The defendant exercised his right to remain silent as to certain questions asked of him, and the trial judge excluded those portions of the defendant's statements from the trial. On the other hand, the defendant volunteered answers to other questions. The defendant thus selectively declined to answer some questions and answered others. The evidence did not require the judge to find as a fact that the defendant was interrogated after he had asserted his right to remain silent. The judge did not err in ruling that the defendant's constitutional right to remain silent was not violated. [Note 4]
3. Motive to lie. The defendant sought to show, through cross-examination of Linh Nguyen and Thinh Trinh, that Linh Nguyen's father had gone to California in early 1990, when Linh Nguyen, Thinh Trinh, and the defendant were there; that while there, and in the presence of other individuals involved in the illegal distribution of drugs, her father had asked the defendant to carry drugs back to Boston; and
that the defendant had refused. The defendant argued to the judge that he was entitled to inquire into this incident because it supported his argument that the testimony of Linh Nguyen and Thinh Trinh was given in retribution for the defendant's embarrassing refusal to cooperate. Defense counsel offered the evidence solely on the question of bias and motive to lie.
Linh Nguyen was an important witness for the prosecution because she testified that the defendant admitted to her that he and another man had killed the victims and that he had used a knife to kill people. She also testified that the defendant and the other man had given her jewelry which, the jury could have found, had been taken from the victims' apartment.
The defendant first raised the subject of the bias and motive to lie of the principal witnesses against him during his cross-examination of Linh Nguyen. The judge held a voir dire hearing. Linh Nguyen said that she could not remember whether her father had been in California in early 1990 when she, Thinh Trinh, and the defendant were there. She had no memory of her father in California asking the defendant to bring narcotics back to Boston. Linh Nguyen's voir dire testimony provided no factual basis for the defendant's asserted grounds of her bias and motive to lie, and the judge was within his discretion in declining to admit her testimony about her failure of memory on the matters raised during her voir dire hearing. Defense counsel then asked Linh Nguyen before the jury whether she had asked the defendant to bring narcotics back for her father. The judge sustained an objection to that question, and the defendant does not specifically challenge this ruling on appeal. Defense counsel established that Linh Nguyen returned from California by motor vehicle with Thinh Trinh, their young son, the defendant, and perhaps two others.
Thinh Trinh was also an important witness for the Commonwealth. He testified that, when the defendant saw Linh Nguyen's mother wearing a necklace taken in the robbery, the defendant told Thinh Trinh not to let her wear it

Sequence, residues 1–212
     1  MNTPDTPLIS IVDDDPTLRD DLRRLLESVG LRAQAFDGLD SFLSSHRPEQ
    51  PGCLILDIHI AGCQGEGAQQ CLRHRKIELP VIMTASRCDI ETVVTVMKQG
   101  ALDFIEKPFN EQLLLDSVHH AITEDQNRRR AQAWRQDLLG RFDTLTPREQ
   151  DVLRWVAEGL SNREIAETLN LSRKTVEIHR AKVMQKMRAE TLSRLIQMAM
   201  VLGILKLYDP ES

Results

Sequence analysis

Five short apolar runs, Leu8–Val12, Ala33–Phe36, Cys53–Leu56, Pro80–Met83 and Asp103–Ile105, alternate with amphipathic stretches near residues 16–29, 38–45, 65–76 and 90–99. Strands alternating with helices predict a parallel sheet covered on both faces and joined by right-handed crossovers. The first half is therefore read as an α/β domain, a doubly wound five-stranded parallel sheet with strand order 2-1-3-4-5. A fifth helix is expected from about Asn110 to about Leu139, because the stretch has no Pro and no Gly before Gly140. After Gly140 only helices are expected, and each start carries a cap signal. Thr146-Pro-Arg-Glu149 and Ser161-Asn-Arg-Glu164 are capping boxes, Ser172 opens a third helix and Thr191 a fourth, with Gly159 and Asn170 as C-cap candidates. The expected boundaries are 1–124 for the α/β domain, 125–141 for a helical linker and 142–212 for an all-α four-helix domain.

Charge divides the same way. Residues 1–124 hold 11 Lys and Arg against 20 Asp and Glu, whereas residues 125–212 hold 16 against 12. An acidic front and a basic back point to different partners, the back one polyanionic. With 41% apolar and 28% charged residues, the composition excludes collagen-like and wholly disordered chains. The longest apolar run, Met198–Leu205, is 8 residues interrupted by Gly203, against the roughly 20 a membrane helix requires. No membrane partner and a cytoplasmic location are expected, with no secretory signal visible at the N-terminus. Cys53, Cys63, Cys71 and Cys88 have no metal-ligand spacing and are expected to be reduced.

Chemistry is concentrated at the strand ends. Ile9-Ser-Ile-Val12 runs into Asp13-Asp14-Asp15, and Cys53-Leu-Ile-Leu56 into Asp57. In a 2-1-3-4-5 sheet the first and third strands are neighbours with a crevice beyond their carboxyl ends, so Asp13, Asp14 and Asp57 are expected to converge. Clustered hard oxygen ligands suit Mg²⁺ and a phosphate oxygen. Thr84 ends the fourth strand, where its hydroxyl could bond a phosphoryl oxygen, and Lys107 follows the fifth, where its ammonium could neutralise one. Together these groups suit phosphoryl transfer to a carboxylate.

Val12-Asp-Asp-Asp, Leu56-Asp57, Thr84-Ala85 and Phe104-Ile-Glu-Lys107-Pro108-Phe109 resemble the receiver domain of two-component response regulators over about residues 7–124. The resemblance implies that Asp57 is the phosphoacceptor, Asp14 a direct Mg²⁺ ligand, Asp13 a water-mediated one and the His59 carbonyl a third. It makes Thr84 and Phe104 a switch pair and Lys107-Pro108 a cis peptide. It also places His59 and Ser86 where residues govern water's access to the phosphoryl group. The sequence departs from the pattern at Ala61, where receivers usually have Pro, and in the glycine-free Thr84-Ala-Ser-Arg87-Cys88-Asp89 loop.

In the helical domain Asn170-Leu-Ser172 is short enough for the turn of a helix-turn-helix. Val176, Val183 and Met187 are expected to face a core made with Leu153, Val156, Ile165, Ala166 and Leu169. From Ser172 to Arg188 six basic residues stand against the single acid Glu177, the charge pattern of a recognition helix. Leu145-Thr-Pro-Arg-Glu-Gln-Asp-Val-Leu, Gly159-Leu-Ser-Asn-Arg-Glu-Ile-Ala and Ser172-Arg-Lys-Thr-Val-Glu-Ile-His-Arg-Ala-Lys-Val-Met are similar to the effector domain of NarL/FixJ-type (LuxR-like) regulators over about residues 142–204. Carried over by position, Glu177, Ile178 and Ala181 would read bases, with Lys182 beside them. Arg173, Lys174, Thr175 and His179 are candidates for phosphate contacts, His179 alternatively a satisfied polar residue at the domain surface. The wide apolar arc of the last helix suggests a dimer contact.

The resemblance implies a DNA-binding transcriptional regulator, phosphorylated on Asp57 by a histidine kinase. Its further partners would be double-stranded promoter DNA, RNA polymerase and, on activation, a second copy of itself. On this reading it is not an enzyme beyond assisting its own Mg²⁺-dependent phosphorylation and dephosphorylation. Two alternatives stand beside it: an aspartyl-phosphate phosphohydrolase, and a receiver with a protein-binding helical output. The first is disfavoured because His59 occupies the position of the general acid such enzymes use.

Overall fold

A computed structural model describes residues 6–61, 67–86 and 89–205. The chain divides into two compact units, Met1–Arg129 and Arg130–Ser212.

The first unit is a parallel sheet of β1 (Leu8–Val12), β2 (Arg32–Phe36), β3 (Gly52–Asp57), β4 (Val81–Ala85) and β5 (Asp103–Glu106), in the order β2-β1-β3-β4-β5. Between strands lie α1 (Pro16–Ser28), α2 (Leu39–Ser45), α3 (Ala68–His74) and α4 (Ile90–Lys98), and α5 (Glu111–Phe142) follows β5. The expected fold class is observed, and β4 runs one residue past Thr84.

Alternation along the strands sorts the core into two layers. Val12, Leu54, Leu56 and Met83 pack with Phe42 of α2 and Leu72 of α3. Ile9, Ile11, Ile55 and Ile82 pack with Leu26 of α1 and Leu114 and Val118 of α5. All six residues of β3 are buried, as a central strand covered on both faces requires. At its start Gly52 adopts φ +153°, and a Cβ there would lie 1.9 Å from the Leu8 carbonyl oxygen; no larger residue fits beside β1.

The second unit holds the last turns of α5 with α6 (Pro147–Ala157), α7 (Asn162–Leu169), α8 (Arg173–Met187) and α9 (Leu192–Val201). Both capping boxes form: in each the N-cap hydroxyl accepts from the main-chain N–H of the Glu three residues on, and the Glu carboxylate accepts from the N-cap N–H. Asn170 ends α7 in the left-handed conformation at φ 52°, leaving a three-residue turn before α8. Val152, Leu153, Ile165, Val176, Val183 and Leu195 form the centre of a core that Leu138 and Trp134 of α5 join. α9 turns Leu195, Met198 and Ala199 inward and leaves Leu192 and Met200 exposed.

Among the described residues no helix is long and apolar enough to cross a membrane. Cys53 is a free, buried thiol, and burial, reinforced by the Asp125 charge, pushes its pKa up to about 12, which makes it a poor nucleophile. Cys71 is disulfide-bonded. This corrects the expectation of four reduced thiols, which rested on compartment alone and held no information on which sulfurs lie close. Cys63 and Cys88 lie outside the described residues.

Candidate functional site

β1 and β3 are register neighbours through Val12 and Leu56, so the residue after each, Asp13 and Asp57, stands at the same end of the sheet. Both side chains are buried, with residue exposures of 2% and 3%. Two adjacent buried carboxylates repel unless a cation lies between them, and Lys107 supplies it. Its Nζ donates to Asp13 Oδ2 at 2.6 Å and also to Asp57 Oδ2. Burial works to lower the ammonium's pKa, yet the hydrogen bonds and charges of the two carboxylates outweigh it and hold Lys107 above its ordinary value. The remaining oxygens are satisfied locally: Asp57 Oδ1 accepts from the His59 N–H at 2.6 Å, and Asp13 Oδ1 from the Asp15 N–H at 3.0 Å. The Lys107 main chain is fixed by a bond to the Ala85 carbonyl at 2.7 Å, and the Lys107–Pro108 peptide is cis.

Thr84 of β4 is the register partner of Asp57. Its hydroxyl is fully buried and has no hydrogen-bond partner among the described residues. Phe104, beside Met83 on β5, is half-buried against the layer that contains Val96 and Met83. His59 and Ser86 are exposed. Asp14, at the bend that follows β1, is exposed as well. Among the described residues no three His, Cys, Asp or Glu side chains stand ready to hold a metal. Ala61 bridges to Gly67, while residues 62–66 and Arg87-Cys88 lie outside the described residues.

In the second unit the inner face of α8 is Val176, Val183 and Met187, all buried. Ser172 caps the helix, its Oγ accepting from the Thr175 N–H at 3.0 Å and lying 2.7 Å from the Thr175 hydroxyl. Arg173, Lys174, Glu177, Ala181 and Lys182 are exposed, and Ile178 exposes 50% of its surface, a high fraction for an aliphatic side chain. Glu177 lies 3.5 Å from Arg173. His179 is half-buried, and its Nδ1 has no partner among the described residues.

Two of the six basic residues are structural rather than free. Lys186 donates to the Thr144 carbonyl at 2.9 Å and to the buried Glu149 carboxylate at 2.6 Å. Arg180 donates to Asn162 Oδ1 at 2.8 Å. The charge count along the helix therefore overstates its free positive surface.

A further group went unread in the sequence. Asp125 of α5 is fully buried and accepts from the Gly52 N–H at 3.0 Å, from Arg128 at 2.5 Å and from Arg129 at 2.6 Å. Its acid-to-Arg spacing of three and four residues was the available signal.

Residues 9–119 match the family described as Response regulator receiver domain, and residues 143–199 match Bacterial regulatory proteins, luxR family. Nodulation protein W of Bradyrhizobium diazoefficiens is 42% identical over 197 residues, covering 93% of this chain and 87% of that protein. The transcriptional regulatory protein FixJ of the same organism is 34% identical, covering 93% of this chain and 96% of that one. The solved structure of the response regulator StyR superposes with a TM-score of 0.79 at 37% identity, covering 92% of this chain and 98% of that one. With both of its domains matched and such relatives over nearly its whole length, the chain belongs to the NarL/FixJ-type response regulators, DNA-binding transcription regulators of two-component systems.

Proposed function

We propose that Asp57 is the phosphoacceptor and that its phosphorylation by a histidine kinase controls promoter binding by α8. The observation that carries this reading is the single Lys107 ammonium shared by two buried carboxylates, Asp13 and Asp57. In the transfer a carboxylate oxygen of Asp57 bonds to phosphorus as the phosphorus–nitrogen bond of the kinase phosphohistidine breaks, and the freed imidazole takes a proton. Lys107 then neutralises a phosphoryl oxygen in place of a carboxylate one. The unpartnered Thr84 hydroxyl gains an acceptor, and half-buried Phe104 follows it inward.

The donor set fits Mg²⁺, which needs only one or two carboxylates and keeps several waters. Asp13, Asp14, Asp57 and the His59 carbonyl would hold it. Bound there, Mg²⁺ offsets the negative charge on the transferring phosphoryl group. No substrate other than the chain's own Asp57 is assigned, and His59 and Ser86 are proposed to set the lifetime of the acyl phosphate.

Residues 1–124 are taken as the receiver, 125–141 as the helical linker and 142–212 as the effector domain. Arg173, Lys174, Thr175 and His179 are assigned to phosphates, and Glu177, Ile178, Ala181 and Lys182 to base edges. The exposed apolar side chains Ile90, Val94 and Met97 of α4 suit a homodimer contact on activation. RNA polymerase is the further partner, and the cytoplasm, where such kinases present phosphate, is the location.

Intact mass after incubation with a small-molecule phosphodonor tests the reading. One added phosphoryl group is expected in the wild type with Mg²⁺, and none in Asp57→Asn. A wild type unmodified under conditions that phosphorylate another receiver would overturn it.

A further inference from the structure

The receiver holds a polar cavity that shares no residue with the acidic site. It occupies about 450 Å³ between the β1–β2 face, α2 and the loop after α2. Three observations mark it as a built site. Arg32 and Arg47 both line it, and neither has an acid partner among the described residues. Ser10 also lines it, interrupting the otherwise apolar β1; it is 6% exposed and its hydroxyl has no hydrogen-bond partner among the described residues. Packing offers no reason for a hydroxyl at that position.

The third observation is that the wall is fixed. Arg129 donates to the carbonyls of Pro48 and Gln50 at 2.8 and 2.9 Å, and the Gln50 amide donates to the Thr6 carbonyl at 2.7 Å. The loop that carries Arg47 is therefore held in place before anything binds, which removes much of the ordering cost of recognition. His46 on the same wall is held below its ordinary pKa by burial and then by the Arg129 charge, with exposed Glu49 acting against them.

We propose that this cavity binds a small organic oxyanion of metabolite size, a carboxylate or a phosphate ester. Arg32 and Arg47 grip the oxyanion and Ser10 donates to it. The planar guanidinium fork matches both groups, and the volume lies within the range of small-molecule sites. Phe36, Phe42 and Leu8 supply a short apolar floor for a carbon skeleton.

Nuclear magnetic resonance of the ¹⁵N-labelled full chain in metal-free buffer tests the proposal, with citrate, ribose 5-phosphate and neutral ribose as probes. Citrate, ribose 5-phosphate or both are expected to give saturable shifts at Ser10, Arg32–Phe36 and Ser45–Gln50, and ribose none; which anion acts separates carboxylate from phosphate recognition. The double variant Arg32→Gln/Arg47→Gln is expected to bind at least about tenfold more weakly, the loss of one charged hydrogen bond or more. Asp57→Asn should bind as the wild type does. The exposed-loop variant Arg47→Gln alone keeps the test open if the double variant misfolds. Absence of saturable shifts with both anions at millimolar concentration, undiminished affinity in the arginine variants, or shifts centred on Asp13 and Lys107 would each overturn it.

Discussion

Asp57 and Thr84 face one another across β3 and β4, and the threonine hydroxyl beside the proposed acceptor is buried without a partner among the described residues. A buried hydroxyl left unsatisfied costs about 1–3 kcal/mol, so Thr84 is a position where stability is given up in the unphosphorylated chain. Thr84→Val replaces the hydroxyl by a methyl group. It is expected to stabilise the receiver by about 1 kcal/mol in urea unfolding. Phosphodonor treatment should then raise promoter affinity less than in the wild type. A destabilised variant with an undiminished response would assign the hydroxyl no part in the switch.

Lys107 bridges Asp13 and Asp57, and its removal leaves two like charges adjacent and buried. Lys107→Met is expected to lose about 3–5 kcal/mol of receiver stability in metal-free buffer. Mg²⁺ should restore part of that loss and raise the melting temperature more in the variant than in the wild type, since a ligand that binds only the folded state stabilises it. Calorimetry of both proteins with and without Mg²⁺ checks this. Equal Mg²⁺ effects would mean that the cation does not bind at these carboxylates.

"around here." [Note 5] Thinh Trinh testified further that the defendant had told him that he had stabbed the older victim in the chest, had shown him a knife and said, "This is the knife that kill," and had shown him a gun similar to one in evidence, as to which, as we have said, there was testimony connecting such a gun with impressions on the skull of the younger victim.
During the cross-examination of Thinh Trinh, defense counsel asked whether, before returning from California with the defendant, he had asked the defendant to bring narcotics back to Boston by airplane. The judge sustained an objection to the question, rejecting the defendant's argument that an affirmative answer would permit an argument that the witness was biased. The judge also declined to allow a question as to whether Linh Nguyen's father had made a similar request and had been refused. The defendant then made an offer of proof, consistent with the circumstances considered during the cross-examination of Linh Nguyen. [Note 6] Unlike the situation during the cross-examination of Linh Nguyen, in which a voir dire hearing was held (which indicated that she
had no testimony that would aid the defendant's bias argument), here no voir dire hearing was held or requested. We do not know whether Thinh Trinh would have supported any significant part of the defendant's theory of retribution, beyond his testimony that Linh Nguyen's father was present in California when he, Linh Nguyen, and the defendant were there.
In his appeal, the defendant argues that the judge erred in limiting his cross-examination of Linh Nguyen and Thinh Trinh, thereby violating his constitutional rights to due process of law and to confront witnesses under the United States and Massachusetts Constitutions. The argument is that he was entitled on cross-examination of these witnesses to pursue his theory that their testimony was a "retribution-motivated fabrication" because they testified against the defendant on orders of Linh Nguyen's father in retaliation for the defendant's refusal to transport drugs.